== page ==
A Most Unusual Hometown

December 22, 2010

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[Editor’s note: today’s article was written by Poch.  Check out more of Poch’s writing at Plato Press.]

My small Manila hometown is very near the Philippines busiest international airport (I will not mention the name to avoid libel charges). Its main attraction and big income producer is a world-famous church which also triggers corruption among the town leaders -our town thrives on underground economy.

Illegal gambling is everywhere -it’s already part of the town’s culture. The town leaders allow vendors (and anarchy) to occupy sidewalks for a fee which collectively isn’t small -there are hundreds of illegal vendors creating street anarchy. Even some police officials get their take too.

From time to time when the corrupt leaders are taking heat from higher officials, they make a show of chasing the vendors away from the streets which turns violent sometimes causing death among vendors or law enforcers. These battles have been going on for decades until now.

I have a cousin who is an ‘official’ of one illegal gambling (locally called ‘Sakla’) that’s permitted most of the time during funerals. It’s organized if the family of the deceased wants or needs money for the funeral. The family gets a percentage of what the gambling earns from bets. After the local elections this year, this particular gambling was stopped by the city mayor. The reason? The mayor’s brother lost in our town elections and because his brother’s opponent was earning or ‘on the take’ from Sakla, he stopped it to punish his brother’s opponent. So now my cousin gets poorer and poorer everyday because Sakla is his main source of income and he’s feeding 4 children of his own. Now imagine the other many gamblers who earns less than him and also have families to feed. I really wonder how the gamblers go on for decades living this way. But mostly, I wonder why I’m being forced by fate to come back and live here again and again.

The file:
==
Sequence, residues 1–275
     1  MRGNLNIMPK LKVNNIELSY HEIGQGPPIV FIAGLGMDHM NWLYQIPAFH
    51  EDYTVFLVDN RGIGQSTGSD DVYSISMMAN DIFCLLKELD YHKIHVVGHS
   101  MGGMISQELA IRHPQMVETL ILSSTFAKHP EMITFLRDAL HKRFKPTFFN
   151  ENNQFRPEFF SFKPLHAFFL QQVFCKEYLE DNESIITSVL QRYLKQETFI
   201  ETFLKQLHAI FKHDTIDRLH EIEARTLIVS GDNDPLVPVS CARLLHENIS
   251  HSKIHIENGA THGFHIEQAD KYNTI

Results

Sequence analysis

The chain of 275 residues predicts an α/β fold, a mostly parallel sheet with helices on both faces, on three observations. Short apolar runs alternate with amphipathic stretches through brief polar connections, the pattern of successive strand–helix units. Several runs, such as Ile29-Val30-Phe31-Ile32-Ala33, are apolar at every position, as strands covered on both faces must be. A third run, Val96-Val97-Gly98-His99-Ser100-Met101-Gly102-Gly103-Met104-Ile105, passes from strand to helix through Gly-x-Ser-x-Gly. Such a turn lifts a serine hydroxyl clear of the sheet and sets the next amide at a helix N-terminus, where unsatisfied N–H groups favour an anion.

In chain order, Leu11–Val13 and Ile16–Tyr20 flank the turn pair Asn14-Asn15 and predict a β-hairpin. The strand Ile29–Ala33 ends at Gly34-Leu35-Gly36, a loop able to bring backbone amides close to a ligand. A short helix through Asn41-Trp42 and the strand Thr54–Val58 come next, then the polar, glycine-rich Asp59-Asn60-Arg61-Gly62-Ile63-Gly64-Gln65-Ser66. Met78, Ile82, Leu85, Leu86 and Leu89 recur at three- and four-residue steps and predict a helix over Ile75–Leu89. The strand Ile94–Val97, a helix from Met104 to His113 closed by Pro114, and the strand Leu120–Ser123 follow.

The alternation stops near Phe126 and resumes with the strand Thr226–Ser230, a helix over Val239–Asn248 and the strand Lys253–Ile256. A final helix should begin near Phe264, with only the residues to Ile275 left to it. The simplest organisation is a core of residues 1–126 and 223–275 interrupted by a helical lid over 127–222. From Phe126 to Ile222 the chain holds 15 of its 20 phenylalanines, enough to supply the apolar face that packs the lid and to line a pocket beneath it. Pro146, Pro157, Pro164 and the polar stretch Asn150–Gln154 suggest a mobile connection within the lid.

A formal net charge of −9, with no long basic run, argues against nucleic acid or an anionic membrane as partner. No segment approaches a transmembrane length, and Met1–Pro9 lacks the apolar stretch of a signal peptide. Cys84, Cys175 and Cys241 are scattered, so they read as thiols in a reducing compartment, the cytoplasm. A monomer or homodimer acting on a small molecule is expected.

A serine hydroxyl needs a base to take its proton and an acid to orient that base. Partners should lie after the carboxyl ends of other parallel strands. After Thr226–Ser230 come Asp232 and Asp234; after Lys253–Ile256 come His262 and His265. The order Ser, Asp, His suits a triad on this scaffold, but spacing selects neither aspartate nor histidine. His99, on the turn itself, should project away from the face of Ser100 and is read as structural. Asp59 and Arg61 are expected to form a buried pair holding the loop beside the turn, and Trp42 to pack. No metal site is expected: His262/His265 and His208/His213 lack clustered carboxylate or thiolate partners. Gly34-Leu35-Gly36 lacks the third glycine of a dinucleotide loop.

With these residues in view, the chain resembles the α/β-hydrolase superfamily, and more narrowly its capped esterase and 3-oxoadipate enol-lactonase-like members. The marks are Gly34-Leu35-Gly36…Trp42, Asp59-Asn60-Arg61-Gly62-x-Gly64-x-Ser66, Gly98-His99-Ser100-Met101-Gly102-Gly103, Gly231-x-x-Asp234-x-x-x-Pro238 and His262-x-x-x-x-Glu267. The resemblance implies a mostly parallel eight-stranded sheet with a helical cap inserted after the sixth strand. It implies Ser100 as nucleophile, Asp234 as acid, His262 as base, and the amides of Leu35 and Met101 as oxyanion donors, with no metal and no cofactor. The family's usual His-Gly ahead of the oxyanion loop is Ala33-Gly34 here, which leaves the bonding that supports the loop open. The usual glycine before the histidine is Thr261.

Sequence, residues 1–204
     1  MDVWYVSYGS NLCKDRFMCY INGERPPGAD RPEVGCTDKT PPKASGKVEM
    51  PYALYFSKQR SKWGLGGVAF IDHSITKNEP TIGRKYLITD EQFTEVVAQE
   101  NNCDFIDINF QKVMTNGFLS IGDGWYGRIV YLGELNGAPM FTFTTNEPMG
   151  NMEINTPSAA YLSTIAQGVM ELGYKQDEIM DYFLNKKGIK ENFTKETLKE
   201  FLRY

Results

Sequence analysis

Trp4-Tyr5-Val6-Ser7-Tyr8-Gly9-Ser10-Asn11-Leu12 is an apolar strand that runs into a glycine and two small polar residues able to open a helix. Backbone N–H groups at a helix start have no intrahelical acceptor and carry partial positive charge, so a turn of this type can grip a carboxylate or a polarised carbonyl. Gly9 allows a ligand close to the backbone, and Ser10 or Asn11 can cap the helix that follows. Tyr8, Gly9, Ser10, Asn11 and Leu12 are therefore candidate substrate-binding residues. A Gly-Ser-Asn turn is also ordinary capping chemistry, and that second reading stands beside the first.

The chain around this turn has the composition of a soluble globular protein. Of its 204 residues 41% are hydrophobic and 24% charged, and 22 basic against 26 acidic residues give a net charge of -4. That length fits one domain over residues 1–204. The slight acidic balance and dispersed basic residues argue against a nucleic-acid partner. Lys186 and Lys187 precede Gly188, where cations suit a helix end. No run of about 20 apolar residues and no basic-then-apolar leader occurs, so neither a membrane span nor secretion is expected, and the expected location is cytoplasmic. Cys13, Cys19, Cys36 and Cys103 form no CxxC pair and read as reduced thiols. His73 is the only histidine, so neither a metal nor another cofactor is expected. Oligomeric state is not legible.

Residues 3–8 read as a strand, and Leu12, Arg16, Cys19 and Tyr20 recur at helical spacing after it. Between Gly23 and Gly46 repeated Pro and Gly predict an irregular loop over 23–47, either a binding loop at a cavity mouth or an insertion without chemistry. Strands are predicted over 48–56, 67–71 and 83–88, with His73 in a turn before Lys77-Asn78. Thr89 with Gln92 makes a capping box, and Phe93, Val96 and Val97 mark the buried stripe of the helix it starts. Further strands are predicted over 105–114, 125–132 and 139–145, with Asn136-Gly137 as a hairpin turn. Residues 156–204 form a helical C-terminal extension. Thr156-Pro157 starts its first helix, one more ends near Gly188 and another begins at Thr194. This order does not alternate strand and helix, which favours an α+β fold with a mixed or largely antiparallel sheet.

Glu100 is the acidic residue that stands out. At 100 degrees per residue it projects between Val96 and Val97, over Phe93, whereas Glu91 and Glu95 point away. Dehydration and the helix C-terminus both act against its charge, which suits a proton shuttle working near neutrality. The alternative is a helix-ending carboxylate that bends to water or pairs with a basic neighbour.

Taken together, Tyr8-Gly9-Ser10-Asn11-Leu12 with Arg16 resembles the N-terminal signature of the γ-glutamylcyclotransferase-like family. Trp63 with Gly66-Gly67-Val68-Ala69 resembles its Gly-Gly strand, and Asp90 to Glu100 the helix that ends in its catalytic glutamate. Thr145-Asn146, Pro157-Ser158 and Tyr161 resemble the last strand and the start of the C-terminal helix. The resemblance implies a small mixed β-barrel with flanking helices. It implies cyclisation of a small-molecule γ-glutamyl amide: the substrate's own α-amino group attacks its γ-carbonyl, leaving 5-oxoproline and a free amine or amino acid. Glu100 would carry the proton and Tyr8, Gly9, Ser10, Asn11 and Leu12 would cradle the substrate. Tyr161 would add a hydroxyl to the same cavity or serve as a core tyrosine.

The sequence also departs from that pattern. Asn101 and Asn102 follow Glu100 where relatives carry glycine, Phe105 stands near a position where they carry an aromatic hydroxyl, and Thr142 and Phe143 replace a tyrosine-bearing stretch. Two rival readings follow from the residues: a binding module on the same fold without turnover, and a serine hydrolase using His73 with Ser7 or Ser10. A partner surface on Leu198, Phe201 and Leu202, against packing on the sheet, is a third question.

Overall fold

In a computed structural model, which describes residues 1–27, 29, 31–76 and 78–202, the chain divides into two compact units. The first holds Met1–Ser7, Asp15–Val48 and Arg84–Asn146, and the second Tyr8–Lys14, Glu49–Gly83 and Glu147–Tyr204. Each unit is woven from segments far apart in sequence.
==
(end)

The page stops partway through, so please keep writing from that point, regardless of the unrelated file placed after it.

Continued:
5 Comments (+add yours?)

  1. kosmo
    Dec 22, 2010 @ 11:46:51

    In the US, it’s common for people to give cash gifts to the family of the deceased. Many times, the money goes to a cause/charity that the person supported, but many times will be used by the family for expenses that arises (particularly when there are small children left behind).

    Is this common in th Phlippines? I’m curious if Sakla complements this, or completely replaces it. How much money (is US $) can a family make from Sakla? What is the typical annual income in the Philippines (in US $)?

    Politicians in the US are a bit more skilled at hiding their corruption 🙂


    • poch
      Jan 03, 2011 @ 20:36:00

      This is VERY common in RP (Philippines) Kos. Sakla for the funeral usually rakes in about $100 to $200. Maybe same for the family of organizers. I’ve yet to find out what’s the typical annual income in the Philippines since it’s always changing fast.
      I’m a bit dubious about US pols being more skilled at hiding their corruption LOL


  2. Squeaky
    Dec 22, 2010 @ 12:43:22

    Corrupt? Officials? Illegal gambling? Sounds like Chicago to me.


  3. poch
    Jan 03, 2011 @ 20:38:46

    Ahh Chicago. Now that’s convincing to me Squeaky lol. Thanks.


  4. poch
    Feb 20, 2014 @ 04:50:56

    Hi Brigham. Thanks a lot for your flattering and encouraging words.


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